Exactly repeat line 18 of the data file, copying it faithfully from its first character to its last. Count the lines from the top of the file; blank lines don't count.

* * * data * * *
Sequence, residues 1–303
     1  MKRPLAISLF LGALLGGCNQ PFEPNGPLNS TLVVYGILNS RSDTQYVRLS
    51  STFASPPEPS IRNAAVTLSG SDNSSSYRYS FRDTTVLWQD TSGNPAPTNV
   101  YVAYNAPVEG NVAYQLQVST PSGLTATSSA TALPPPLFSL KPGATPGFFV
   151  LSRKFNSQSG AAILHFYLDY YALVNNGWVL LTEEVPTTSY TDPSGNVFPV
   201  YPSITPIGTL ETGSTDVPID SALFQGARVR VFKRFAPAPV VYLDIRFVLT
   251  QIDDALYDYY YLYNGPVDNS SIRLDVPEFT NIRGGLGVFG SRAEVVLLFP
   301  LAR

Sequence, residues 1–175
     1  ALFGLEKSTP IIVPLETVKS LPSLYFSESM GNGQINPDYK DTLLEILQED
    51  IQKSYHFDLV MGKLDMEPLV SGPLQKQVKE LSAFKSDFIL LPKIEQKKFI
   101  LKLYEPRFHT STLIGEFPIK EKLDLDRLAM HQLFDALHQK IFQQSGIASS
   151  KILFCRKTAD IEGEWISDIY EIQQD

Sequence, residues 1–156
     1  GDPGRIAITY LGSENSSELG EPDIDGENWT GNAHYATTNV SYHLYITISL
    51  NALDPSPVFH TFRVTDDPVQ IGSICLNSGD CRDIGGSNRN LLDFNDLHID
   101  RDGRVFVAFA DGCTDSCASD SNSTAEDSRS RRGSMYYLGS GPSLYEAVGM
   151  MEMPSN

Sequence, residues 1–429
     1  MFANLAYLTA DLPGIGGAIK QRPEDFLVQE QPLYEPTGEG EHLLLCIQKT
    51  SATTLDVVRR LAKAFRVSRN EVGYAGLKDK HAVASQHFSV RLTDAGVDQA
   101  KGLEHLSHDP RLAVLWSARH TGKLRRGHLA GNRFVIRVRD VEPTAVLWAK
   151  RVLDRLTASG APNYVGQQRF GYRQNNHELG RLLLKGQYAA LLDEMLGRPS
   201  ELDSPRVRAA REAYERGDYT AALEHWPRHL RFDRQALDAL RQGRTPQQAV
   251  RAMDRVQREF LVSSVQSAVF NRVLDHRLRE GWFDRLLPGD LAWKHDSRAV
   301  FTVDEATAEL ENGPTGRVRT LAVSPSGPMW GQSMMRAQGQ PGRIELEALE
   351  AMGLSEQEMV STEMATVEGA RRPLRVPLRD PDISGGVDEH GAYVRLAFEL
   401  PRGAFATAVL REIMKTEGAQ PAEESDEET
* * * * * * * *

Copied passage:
   151  MEMPSN